Kailasa Temple History & Architecture – Ellora Cave Temple

Kailasa Temple is one of the cave temples located in Ellora in the state of Maharashtra in India. This temple is formed by architecture and sculptural treatment. These were created during the reign of Rashtrakuta King Krishna I. The temple belongs to the hill tribe type.

State: Maharashtra
District: Aurangabad
Country: India
Deity: Lord Shiva‎ Kailasanathar

Kailasa Temple

Kailasa Temple

Ellora Cave Temple

Built in the 8th century, the Wonder Cave Temple is a fine example of Dravidian architecture.

The temple was built by Krishna, the king of the Rashtrakuta dynasty. Between the sixth and tenth centuries, the Rushtrakuta dynasty ruled most of the Indian subcontinent.

The temple was built between 757 and 783 BC. The temple is located on a hill overlooking the Kailash Mountains.

Shiva has been worshiped as the main deity in ancient times. Therefore, many important temples have been set up for Lord Shiva.

Temple Location

Twenty-nine kilometers from the city of Aurangabad in Maharashtra is a 1200 year old ancient Hindu temple known as the Kailash Temple. Its main deity is Lord Shiva.

It is one of the thirty four glorious temples built with Lord Shiva as the main deity. This is called the Ellora Caves Temple.

Construction

Archaeologists have found traces of pillars in the temple and say that the temple was carved with chisels and that three types of chisels were used to carve it.

The temple is said to have been built vertically from above, and it is said that the main artist who was in the process of construction may have had difficulty carving from the front and therefore even built the building vertically from above.

The study says that about 4000000 tons of long rocks were excavated over a period of 20 years to build this monolithic structure.

Kailasa Temple Architecture

The architecture of Kailash Temple is different from the earlier style in the Deccan region. As mentioned above, it seems to be based on the Virupaksha Temple at Pattadakal and the Kailash Temple at Kanchipuram in South India(Tamil Nadu). This may be due to the involvement of Chalukya and Pallava artists in the architecture of the temple and its construction.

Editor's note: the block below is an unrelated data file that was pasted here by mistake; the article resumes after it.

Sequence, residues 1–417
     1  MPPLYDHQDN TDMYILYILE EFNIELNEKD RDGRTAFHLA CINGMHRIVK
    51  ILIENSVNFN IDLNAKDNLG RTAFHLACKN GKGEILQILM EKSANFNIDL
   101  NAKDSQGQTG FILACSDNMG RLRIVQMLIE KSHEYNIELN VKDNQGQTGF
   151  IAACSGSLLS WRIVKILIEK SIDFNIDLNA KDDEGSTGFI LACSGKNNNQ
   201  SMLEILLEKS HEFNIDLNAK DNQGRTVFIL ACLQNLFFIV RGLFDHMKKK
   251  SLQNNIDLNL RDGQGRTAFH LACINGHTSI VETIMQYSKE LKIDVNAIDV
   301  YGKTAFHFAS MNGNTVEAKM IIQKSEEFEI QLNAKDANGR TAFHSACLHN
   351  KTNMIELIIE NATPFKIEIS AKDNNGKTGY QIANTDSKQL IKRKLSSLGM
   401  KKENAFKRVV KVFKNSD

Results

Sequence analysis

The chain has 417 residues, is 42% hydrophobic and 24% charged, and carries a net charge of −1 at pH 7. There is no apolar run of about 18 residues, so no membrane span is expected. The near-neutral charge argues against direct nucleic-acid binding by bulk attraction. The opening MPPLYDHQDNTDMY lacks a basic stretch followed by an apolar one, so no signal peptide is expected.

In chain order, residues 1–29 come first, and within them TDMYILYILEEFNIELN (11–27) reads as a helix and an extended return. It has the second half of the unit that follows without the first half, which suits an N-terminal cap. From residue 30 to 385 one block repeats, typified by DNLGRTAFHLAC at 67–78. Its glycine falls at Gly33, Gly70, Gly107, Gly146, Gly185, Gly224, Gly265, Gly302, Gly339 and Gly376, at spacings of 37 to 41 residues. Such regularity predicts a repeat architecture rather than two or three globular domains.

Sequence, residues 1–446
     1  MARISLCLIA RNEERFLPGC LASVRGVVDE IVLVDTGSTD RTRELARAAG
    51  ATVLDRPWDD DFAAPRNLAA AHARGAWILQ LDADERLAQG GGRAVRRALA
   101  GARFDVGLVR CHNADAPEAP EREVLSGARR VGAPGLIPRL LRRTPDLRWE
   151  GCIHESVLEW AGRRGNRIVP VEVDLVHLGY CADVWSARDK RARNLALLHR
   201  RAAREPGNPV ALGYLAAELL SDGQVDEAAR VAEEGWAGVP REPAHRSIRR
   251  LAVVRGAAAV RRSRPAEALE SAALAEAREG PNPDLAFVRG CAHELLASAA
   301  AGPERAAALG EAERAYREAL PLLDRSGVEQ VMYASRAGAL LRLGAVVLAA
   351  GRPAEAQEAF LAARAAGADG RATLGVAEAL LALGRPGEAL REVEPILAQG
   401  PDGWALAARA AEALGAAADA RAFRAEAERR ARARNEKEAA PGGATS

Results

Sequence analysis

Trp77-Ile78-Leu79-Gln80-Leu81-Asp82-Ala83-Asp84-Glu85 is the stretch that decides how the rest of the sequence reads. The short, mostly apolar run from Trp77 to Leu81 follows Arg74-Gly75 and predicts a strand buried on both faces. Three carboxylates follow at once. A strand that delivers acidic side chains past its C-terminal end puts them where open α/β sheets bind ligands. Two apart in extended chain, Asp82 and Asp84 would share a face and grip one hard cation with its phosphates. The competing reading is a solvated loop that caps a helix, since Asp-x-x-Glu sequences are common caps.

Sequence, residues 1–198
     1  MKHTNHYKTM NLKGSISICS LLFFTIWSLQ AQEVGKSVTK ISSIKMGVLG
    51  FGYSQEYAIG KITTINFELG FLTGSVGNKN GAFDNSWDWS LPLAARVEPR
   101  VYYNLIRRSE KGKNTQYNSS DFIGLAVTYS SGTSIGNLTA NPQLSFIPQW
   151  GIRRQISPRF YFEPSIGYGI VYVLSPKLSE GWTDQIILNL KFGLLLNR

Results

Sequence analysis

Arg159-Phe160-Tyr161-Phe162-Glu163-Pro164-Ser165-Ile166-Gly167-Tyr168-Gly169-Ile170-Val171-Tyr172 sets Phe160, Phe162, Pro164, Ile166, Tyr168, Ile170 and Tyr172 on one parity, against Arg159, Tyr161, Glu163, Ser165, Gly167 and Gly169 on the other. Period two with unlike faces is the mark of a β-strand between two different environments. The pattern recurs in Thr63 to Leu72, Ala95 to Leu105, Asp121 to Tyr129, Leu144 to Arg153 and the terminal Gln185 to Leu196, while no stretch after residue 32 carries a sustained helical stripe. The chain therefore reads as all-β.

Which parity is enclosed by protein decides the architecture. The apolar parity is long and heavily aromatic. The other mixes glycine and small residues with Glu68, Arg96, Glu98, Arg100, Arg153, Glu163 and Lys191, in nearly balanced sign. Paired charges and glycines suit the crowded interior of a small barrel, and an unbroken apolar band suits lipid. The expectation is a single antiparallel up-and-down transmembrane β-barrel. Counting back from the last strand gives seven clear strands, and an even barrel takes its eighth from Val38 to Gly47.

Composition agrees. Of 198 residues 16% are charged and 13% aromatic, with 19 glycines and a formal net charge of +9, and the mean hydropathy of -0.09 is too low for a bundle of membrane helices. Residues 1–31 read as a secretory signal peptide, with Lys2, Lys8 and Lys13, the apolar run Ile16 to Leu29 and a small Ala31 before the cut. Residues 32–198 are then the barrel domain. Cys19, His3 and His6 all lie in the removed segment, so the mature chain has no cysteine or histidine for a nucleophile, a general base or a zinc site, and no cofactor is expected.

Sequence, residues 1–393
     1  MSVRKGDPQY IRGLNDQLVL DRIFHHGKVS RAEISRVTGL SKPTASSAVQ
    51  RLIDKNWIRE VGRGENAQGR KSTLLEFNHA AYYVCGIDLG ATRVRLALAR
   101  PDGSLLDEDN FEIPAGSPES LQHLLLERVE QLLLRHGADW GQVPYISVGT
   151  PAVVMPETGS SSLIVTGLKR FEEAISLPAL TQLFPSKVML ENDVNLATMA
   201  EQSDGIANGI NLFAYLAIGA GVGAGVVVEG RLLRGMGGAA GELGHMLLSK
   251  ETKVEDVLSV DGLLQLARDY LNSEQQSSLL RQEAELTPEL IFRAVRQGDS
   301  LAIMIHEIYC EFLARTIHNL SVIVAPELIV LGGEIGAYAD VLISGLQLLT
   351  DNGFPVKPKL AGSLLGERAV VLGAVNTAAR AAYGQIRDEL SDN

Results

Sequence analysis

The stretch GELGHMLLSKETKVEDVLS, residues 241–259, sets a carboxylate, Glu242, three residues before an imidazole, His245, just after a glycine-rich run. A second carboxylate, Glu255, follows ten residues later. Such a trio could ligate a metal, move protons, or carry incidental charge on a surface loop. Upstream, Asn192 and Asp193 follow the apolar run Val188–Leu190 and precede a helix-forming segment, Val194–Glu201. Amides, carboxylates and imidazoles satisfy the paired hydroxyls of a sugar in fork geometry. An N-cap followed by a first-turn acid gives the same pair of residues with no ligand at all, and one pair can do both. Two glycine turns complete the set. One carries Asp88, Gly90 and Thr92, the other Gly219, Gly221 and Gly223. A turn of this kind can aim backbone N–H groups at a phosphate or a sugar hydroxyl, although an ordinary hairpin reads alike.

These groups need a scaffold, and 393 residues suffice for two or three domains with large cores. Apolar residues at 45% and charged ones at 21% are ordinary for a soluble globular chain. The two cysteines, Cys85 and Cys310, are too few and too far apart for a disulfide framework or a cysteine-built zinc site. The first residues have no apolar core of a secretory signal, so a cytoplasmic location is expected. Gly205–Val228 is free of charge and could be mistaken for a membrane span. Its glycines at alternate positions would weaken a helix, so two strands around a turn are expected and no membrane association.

There is a low tower at the entrance of the temple courtyard. Most of the deities on the left side of the entrance are Saiva (associated with Shiva), and the deities on the right are Vaishnava (associated with Vishnu). The two-story entrance opens to reveal the U-shaped courtyard.

The dimensions of the courtyard are 82m x 46m at the base and courtyard has a column arcade three stories high. The arcades are lined with large carved panels and alcoves with massive sculptures of various deities.

Temple Structure

Originally flying stone bridges connected these galleries to the central temple structures, but these collapsed. Some of the most famous sculptures depict Shiva the ascetic, Shiva dancer, Shiva Parvati Ravana and the river deity.

Inside the courtyard is a central temple dedicated to Lord Shiva and the image of his Nandi hill (sacred bull). The Lingam-Shrine Central Temple has a flat roof hall like Dravida Shikara with 16 pillars.

The temple is full of pillars, windows, interior and exterior rooms, collection halls and a huge stone lingam at its heart. As is customary in Shiva temples, Nandi sits in a hall in front of the central temple.

The Nandi Mandapam and the main Shiva temple are about 7 meters high each and are built on two floors. Both stories under Nandi Mandapam are decorated with solid structures and detailed illustrations. A rock bridge connects the Nandi Mandapam with the hall of the temple. At the foot of the temple hall are scenes from the Mahabharata and the Ramayana.

Myth

A medieval Marathi legend refers to the construction of the Kailasa Temple. The earliest reference to this myth is the Katha-Kalapadaru (AD 1470-1535) by Krishna Yajnavalki. According to this legend, the local king was seriously ill. Her queen prayed to Lord Ghrishneshwar in Elapura to cure her husband. She vowed to build a temple if her wish was granted.

She promised to observe the fast until she saw the Shikara (top of this temple). After the king recovered, he immediately asked the king to build a temple, but many architects announced that it would take several months to build the temple.

An architect named Kokasa assured the king that the queen could see the Shikara of a temple within a week, started carved a rock and began to build the temple from above. He started building the temple from the top, by carving a rock.

He was able to complete Shikara within a week and the Queen decided to build the temple fast. The temple was named Manikeswar after the queen. Kokasa is actually the chief architect of the Kailasa temple. Many 11th-13th century inscriptions from Central India refer to architects born into the famous family of the Kokasas.

Mughal Invasion

Aurangzeb, one of the Mughal rulers, made an attempt to destroy the Kailash temple, but he was unable to achieve much success in his plans. All he could do was do a little damage here and there. No damage could be done to the main structure.

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